America’s first national park spans nearly 3,500 square-miles, the bulk of which occupies the northwestern corner of Wyoming. Known for its geothermal wonders the park is a filled with gurgling geysers, bubbling mudpots and hidden hot springs. But Yellowstone is much more than geysers, as it also features dramatic canyons, lush forests, and fertile valleys that are home to bears, wolves, elk, antelope and an extremely healthy bison population. And with a handful of western highways leading to the park, there’s plenty of opportunity to explore this diverse ecosystem.
- Although there’s accessible parking near the Brink of the Upper Falls Viewpoint in the Grand Canyon of the Yellowstone, the viewpoint itself is not accessible due to stairs and a steep grade. That said, you can get a better – and quieter view – if you continue along the North Rim Trail, past the left turnoff to the brink. And if you’d like a short hike through the woods that crosses Canyon Bridge and offers excellent views of the Yellowstone River and the Chittenden Bridge, then just continue along this accessible trail for another half-mile.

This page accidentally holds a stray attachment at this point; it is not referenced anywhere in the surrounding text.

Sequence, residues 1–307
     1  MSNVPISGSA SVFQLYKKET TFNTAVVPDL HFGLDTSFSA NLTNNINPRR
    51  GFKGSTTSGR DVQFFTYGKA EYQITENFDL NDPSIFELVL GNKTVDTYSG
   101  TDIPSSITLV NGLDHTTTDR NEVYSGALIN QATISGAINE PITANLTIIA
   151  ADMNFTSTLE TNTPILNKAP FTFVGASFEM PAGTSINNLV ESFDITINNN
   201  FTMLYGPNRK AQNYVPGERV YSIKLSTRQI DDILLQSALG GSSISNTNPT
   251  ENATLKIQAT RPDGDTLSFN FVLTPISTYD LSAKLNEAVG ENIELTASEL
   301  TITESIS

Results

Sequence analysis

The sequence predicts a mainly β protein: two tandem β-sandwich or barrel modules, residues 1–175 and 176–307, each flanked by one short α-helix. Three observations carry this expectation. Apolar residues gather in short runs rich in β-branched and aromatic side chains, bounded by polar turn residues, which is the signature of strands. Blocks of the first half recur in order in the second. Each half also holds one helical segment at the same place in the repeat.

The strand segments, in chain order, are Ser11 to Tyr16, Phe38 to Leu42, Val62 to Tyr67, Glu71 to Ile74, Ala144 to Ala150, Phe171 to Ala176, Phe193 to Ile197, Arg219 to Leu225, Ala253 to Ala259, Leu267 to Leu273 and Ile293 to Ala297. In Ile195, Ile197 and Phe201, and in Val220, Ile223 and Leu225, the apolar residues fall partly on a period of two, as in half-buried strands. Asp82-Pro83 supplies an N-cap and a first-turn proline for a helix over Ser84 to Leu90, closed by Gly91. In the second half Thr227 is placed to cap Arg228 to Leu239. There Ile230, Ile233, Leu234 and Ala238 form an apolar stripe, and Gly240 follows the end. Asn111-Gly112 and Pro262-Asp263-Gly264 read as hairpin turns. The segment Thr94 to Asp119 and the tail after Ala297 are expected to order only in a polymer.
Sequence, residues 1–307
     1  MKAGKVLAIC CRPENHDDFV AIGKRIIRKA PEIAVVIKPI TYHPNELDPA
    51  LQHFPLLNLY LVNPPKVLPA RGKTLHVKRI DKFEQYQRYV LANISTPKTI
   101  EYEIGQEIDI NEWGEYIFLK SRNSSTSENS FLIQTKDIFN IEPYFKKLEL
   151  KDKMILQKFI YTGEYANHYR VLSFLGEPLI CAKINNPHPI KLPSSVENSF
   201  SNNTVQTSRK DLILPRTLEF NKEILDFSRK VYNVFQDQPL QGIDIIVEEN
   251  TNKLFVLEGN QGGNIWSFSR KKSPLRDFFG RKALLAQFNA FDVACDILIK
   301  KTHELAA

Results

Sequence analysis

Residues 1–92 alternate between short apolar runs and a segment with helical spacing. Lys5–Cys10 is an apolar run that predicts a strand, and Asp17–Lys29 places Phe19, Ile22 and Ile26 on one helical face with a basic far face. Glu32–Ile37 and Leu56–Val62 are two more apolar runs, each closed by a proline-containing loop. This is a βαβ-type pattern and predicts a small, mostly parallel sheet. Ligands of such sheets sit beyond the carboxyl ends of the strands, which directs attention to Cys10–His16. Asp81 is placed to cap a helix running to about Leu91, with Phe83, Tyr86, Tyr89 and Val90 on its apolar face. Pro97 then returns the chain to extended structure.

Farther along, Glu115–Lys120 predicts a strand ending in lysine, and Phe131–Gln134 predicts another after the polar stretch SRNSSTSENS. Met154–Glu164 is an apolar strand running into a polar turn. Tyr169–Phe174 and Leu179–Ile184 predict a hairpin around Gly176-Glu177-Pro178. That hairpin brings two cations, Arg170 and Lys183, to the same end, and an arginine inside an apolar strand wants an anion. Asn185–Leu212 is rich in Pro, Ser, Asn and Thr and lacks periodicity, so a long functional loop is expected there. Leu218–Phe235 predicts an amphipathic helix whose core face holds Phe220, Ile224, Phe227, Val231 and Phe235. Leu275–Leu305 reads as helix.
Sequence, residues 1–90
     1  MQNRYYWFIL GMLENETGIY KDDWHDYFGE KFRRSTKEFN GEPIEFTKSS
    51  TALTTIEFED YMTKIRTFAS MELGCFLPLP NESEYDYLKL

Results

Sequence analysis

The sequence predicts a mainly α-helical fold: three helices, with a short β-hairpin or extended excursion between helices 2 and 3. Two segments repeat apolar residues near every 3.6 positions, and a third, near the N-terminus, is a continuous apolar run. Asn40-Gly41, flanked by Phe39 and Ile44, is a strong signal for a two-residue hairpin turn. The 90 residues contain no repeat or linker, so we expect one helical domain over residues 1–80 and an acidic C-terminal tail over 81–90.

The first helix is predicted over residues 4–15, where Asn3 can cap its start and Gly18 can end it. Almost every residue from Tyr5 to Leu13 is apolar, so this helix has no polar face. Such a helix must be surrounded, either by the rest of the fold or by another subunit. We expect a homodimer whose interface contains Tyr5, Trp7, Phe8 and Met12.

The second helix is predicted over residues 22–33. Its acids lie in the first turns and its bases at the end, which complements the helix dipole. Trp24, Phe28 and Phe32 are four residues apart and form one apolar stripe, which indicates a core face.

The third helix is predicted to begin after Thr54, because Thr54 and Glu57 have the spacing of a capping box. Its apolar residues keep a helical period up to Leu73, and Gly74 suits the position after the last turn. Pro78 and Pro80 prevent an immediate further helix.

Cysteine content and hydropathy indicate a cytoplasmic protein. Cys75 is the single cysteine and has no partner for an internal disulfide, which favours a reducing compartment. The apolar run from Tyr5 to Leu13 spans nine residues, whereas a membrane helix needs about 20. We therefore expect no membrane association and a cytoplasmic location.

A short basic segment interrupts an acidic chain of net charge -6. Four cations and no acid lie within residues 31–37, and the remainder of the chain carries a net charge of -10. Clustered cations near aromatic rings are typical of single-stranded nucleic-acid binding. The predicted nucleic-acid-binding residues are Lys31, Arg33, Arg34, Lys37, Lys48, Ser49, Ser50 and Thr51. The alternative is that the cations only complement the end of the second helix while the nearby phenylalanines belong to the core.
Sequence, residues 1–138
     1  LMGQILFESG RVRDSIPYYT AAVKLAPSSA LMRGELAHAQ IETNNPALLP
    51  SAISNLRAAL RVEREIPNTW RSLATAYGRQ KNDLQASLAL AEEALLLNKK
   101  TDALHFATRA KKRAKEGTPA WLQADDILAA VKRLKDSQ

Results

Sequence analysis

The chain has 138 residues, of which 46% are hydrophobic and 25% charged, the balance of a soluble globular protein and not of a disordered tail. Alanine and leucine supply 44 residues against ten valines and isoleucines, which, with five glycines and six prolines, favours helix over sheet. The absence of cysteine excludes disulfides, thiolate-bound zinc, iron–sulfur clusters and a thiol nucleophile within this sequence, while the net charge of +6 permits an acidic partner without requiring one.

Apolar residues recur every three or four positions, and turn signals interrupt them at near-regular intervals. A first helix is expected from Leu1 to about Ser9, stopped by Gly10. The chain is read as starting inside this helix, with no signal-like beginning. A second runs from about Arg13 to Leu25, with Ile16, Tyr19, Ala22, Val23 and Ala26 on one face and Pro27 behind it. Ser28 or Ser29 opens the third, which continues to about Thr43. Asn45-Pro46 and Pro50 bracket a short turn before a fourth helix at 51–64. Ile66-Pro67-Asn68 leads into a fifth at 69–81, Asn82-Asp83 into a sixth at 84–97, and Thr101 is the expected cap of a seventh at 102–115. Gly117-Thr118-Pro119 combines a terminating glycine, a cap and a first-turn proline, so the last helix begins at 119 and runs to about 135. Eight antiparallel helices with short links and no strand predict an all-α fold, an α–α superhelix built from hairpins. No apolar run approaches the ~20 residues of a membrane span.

- For a break from the congested traffic along the road to Old Faithful, take a short detour along Firehole Lake Drive. This one-way loop begins about a mile south of Fountain Paint Pot, and features accessible stops at Firehole Spring, Giant Fountain Geyser and Firehole Lake. As an added bonus, this route is pleasantly devoid of the bus loads of tourists that frequent the other area attractions, as larger vehicles are prohibited along this road.
- If you’d like to overnight in the park, in an accessible room with a great view, then choose room 202 at the Yellowstone Lake Hotel. This corner room, which features a bird’s eye view of Yellowstone Lake, is furnished with a 25-inch high king-sized bed and is equipped with an accessible tub/shower combination.